Let’s talk about work ethics. We live in an ever changing dynamic world where words like improvement, profit, market share, EBIT and success are sometimes more common than shopping lists and people’s names. Everyone wants to lead without having a clear definition of what it takes to become a leader. I have been listening a lot lately to talks about understanding the millennials and talent retention and I agree that we need to be more flexible going forward. However, there are some rules that even if we change them in the way we explain them and drive for the teams by in, we must not change the basic essence of them. As leaders, we have a responsibility of coaching young executives in order to leave our legacy as part of their professional growth.
I was raised in a family of five brothers and my mother couldn’t afford to be soft on us and still manage to teach us the facts of life. So whenever one of us told her “Mom I don’t feel well”, she would go to the medicine cabinet, give us an Aspirin and instruct us to get ready for school. She made dependability a habit for me. In a team, our actions have an impact on our teammates. It’s a wonderful feeling when you work in a group where you know that if anything goes wrong, you can still depend on your colleagues to handle contingencies. Having ownership of your responsibilities creates trust in the team and trust is something high performance teams cannot afford not to have. Somebody once told me that the moment the business starts losing money, is the moment they stop being dependable.
We live in a world where we take things for granted. We go to the gym in the morning, buy coffee on our way to the office, do grocery shopping at our neighborhood supermarket and go to dinner with that special person to that special restaurant where you feel right at home. Would we still go to the same places if we were not sure that they will be open? Would you continue to be friends with someone you do not know you can trust? The list goes on and on…
Sports and Instant Gratification
Instant gratification is one of the main characteristics that we see in millennials. Being a leader, it is quite a challenge to deal with this and explain why in jobs and in life in general, things do not happen as quickly as we want them to happen. As a father, I wouldn’t like my kids to go through the frustration of trying to understand why they cannot be managers at their first professional job or that in order to be a leader you need to learn to be lead. Sports are a good way to be taught this in the early years.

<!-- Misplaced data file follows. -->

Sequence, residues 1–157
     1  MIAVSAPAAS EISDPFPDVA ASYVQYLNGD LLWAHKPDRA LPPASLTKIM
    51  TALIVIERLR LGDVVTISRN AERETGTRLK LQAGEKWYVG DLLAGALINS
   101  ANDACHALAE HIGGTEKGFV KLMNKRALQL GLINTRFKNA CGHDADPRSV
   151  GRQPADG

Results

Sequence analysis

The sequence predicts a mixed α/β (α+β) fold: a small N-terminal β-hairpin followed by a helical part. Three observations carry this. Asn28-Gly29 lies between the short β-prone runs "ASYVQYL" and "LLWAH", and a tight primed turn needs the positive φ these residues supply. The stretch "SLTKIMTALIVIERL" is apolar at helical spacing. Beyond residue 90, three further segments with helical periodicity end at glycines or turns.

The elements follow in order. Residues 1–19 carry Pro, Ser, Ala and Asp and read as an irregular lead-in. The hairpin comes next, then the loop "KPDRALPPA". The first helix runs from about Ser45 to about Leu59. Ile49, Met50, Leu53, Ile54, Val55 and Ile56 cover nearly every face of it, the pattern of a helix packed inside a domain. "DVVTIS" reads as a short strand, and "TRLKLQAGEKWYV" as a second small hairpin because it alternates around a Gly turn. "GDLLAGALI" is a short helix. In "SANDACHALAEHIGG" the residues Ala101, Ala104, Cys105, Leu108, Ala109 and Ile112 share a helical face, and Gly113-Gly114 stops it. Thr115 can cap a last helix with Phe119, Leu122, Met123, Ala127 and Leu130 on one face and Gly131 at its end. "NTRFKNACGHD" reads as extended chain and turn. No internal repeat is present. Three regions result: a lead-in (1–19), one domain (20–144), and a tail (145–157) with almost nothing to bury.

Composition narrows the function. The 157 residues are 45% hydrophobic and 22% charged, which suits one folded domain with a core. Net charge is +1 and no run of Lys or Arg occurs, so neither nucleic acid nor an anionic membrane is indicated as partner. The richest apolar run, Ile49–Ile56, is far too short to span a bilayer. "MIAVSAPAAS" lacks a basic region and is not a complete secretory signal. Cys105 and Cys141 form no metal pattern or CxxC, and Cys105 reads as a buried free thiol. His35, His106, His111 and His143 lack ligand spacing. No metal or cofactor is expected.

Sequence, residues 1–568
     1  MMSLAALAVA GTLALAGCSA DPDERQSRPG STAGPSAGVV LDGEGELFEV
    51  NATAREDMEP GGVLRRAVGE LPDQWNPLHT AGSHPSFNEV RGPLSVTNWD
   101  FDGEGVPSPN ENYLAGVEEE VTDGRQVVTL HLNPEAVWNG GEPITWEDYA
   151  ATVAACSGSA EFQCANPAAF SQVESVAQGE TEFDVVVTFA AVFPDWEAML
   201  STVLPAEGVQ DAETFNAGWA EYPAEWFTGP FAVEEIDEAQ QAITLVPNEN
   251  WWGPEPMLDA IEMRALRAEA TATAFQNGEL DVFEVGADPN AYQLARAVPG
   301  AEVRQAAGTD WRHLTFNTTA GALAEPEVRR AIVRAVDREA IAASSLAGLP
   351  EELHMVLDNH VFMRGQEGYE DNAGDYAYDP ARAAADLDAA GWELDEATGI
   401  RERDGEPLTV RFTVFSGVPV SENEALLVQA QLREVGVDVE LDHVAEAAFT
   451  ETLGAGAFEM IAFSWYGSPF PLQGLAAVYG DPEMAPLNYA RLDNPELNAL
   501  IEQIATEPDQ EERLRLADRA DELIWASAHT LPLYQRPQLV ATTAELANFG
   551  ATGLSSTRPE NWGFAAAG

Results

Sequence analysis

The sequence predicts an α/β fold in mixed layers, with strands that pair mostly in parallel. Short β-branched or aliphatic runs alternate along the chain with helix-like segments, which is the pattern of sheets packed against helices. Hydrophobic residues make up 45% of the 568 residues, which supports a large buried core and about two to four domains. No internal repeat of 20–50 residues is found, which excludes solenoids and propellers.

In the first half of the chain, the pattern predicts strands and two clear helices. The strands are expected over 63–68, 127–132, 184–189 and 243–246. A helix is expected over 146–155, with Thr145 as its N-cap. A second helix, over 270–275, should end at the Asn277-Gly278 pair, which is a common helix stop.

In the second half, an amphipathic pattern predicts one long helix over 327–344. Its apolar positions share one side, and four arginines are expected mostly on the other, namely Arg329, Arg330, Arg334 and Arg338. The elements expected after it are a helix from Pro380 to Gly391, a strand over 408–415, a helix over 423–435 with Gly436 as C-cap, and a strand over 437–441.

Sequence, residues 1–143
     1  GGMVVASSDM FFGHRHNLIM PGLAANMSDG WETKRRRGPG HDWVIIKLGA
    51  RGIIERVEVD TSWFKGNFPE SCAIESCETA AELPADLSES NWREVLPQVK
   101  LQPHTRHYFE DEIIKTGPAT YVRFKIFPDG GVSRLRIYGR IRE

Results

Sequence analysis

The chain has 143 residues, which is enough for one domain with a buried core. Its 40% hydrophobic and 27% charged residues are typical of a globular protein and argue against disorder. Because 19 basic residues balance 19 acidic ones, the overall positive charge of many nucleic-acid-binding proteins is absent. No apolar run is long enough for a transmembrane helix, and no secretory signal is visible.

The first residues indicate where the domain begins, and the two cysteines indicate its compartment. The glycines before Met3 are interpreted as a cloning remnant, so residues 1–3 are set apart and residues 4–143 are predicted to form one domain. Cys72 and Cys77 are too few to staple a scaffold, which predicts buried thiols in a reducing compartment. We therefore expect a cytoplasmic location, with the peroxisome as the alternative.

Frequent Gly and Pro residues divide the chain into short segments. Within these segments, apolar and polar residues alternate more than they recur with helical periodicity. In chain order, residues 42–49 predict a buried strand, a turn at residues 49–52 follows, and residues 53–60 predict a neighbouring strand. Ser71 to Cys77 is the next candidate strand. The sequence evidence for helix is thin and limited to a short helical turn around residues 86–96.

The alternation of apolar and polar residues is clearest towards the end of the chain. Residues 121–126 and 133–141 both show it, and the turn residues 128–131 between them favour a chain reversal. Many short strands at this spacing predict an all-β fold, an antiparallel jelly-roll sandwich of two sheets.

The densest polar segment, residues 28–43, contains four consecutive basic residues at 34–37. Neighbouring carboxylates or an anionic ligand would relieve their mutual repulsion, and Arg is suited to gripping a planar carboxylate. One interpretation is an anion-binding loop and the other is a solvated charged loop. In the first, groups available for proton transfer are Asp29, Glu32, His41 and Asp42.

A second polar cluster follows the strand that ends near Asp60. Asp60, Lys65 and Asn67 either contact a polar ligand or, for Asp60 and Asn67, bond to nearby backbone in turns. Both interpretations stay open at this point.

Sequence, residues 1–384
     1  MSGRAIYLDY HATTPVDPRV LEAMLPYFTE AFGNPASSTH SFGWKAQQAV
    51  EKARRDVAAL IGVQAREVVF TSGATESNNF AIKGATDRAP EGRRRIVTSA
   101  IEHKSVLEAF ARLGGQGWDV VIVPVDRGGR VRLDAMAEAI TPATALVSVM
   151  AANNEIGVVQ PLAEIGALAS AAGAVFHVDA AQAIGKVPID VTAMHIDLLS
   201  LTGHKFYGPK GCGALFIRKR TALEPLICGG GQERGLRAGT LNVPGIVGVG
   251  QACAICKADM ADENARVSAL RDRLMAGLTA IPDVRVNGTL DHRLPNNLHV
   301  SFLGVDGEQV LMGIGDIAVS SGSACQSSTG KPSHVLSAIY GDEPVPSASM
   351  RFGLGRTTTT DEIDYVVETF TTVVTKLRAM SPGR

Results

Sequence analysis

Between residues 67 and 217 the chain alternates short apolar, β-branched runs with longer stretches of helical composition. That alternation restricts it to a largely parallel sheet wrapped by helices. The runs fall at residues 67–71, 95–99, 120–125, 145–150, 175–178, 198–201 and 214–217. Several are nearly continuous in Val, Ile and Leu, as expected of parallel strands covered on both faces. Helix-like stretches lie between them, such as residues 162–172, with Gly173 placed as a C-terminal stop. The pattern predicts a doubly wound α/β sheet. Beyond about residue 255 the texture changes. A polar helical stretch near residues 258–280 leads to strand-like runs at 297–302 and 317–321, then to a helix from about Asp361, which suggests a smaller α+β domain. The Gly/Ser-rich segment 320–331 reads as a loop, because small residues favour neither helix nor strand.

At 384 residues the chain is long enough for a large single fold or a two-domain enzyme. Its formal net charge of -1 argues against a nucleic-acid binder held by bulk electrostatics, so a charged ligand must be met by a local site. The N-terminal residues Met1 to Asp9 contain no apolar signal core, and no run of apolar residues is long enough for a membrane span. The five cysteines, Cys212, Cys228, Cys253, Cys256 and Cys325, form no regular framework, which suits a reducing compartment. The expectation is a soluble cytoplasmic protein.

Over the last year, I have very much enjoyed Brazilian Jiu Jitsu training. When I feel like taking a breather from daily work, I leave 30 minutes early to watch the kid’s class. I am amazed at the fact that the way they earn their belts is not by test, it is by completing an attendance checklist board. So every day when they finish their class, they run with huge smiles on their faces to put a cross on the board marking it as having completed a class. They know that to get the next belt they have to put in the daily training. This then becomes a habit which will practically take over instant gratification. So when you pick a sport or team for your child, instead of thinking that perhaps he will become the next Liverpool striker, think about which values you want him or her to live up to. There is no substitute to hard work with the right work ethics when it comes to gratification. Cheers!